A couple of months ago I started getting asked to play drums at a local church for money. I had developed a little bit of a reputation as a good drummer and received lots of compliments from musicians and church members about my abilities. When the church offered to start paying me I felt the need to take the gig a little more serious. I thought to myself “I want to live up to their expectations as a professional who deserves to be paid so they will continue to schedule me.” This weekend I found myself behind the drums performing a rather complicated set of music. Before the set began the head pastor remarked, “Oh man, we’ve got the all-star band tonight!” I still love the feeling of being noticed and really wanted my performance to confirm his expectations.
Everything was going great until I noticed that I had cut out too soon during the first song. As the song ended I mouthed “sorry” to the worship leader and mentally shook off my embarrassment as just a silly mistake that wouldn’t happen again. As the second song started I began a difficult drumbeat with ease; everything was back in control again. Then unexpectantly, during an easy snare roll, I stumbled again. As soon as it happened I could feel myself start to panic…I started losing confidence and subsequently forgot my parts and our place in the song. After a brutal and sloppy finish (to my standards) I noticed the face of the bass player on my left…he looked embarrassed to be sitting next to me.
All I could think was, “oh no, they are going to realize that I’m not as good as they thought.” “You are letting everyone down.” I felt sure that if I didn’t nail the next few songs that they would never invite me back. My only hope was that they wouldn’t remember my failure if I played exceptional the next time around. With the stakes at a fever pitch, I put on my best face and walked back onto the stage just praying that I wouldn’t do anything to further embarrass myself. Just hoping I could make up for lost ground and prove that I was worth another vote of confidence.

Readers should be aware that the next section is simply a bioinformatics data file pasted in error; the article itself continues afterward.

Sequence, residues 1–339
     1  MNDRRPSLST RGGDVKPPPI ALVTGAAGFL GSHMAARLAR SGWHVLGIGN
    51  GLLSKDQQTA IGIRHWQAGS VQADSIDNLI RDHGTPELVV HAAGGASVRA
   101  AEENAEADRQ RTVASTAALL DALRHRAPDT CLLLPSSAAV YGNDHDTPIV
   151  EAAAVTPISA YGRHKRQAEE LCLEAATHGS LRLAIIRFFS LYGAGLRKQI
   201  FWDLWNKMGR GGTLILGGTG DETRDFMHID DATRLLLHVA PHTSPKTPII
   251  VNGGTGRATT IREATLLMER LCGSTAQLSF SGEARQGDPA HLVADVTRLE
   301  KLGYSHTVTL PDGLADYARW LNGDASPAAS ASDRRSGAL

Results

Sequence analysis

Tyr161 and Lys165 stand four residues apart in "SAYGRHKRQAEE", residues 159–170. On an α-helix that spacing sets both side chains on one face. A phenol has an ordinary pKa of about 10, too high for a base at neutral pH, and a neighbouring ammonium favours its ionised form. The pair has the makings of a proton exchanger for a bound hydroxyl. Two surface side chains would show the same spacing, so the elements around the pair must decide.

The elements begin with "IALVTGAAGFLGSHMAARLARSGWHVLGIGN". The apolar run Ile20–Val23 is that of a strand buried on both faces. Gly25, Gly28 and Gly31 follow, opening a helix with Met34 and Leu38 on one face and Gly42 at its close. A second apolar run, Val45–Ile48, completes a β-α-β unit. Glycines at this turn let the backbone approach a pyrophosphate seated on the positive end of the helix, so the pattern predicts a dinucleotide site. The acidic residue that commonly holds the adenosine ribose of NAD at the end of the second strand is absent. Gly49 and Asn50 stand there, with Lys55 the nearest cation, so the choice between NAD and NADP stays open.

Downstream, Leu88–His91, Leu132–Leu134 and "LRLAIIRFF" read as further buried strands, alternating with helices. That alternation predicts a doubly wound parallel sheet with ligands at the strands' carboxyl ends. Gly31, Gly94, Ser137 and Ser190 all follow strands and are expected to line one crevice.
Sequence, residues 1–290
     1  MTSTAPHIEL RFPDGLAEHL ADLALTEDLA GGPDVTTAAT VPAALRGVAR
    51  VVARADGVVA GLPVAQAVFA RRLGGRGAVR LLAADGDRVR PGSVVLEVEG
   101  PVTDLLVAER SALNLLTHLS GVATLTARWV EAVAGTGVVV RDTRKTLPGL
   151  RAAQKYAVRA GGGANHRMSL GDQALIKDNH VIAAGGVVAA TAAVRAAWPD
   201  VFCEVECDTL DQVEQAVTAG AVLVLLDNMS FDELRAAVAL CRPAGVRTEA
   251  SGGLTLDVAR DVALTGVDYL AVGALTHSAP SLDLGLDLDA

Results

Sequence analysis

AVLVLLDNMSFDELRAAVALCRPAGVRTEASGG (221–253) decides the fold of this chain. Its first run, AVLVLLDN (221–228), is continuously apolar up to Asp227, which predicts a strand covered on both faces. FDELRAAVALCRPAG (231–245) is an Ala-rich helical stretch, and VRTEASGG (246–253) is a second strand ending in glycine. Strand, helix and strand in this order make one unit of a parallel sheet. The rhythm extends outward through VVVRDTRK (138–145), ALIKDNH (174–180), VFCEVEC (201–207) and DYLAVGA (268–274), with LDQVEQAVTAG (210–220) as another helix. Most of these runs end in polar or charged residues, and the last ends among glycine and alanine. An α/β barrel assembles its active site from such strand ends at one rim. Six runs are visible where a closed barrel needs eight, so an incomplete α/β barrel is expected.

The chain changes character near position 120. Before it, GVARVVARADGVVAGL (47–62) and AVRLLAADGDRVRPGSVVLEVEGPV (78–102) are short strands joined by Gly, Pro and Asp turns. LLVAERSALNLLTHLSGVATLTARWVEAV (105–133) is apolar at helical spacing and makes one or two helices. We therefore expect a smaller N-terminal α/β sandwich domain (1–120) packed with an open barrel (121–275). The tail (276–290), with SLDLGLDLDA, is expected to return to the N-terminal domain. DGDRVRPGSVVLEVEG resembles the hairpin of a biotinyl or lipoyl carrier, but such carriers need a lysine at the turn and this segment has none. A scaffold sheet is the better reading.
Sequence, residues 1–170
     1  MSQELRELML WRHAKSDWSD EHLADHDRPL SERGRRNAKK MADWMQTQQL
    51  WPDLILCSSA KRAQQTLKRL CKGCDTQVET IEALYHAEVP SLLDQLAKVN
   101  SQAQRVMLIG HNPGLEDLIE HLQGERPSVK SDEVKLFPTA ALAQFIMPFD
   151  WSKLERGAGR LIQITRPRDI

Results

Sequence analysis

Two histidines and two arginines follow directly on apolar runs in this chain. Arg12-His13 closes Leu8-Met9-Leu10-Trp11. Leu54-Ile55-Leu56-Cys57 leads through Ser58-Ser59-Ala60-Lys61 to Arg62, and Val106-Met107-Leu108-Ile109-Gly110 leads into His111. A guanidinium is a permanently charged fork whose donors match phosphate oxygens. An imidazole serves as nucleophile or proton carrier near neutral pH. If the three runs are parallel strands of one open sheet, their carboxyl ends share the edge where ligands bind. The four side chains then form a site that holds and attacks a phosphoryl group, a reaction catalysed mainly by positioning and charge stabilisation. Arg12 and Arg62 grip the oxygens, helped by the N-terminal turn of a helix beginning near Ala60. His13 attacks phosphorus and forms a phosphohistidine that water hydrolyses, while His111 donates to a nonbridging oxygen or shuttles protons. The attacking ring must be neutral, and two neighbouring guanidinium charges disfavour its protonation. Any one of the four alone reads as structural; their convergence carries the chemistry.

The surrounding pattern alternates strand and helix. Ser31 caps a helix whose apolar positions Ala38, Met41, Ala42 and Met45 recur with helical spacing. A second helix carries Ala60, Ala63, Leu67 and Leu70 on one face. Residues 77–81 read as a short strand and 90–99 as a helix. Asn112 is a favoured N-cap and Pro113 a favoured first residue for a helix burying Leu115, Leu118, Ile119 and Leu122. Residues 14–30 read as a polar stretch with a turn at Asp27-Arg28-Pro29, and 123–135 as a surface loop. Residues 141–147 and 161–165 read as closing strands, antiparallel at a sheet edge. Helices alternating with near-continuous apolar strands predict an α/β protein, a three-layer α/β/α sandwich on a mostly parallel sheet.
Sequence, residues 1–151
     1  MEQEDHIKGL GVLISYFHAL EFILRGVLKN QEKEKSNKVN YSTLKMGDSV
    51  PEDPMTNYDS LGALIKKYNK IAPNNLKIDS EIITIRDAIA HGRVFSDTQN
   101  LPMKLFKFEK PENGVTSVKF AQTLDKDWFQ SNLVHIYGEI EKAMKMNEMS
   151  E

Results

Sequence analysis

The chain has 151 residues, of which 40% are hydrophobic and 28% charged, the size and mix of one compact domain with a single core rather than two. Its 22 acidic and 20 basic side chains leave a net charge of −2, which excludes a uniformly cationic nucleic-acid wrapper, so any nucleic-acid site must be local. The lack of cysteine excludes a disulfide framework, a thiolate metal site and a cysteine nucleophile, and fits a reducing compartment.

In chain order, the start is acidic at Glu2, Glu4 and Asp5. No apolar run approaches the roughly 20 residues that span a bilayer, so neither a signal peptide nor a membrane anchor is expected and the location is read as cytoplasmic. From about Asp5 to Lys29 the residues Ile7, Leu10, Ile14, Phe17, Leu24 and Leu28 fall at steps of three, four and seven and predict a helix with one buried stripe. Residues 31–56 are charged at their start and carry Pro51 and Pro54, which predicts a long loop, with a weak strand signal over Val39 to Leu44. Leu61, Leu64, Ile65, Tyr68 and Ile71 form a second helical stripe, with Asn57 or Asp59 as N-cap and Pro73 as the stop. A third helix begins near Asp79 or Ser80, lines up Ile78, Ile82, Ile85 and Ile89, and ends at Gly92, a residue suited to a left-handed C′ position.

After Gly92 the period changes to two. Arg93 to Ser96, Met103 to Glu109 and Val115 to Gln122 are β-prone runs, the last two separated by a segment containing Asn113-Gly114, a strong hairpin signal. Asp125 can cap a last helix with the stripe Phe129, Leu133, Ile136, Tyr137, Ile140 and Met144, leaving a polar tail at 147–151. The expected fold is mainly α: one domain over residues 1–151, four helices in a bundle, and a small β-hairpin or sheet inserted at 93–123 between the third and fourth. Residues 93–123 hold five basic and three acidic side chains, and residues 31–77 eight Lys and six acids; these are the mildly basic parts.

Past in Present
In these moments I feel an almost irresistible compulsion to punish myself. I’ve punched walls, kicked furniture, verbally assaulted myself, and even hit my own face as I channel the events of an age old drama stored in my very bones. It is this penance, and the subsequent promise to do better, that allows me to move on from my errors. I’ve done this dance so many times in my life I go ahead and make myself pay for mistakes even when there is nobody telling me to.
Long gone are the days when there was an actual taskmaster who demanded that I undergo re-conditioning for every error committed. It has been years since the last time I was actually yelled at for missing a basket. I know these stories and have worked extensively to lessen their influence. But, after a while these voices of accusation become your own. Your body remembers the way you felt when you failed and it remembers the ways you alleviated that suffering.
We all have these feelings. We all know this limbic pain. And we all have rituals to help escape the shame we felt when we were young. These memories, these experiences, are stored in our bones. Our strongest cognitive allegiances are so often powerless to fend them off because we often mistake what these moments are actually communicating. In reality these moments are actually narrating a brokenness that was active long before our birth. When we look closely at the essence of these memories we end up seeing and learning more about the faces of our tutors than any contemptuous trait in us.
Without such reflection it is so easy to judge these tender parts of ourselves, “If only I had been better…smarter…different…etc…” But, in doing so, we continue to fuel a lie as broken as the men and women we got it from. A lie that has the power to cripple even the strongest amongst us. That somehow we are only as good as our diving throws.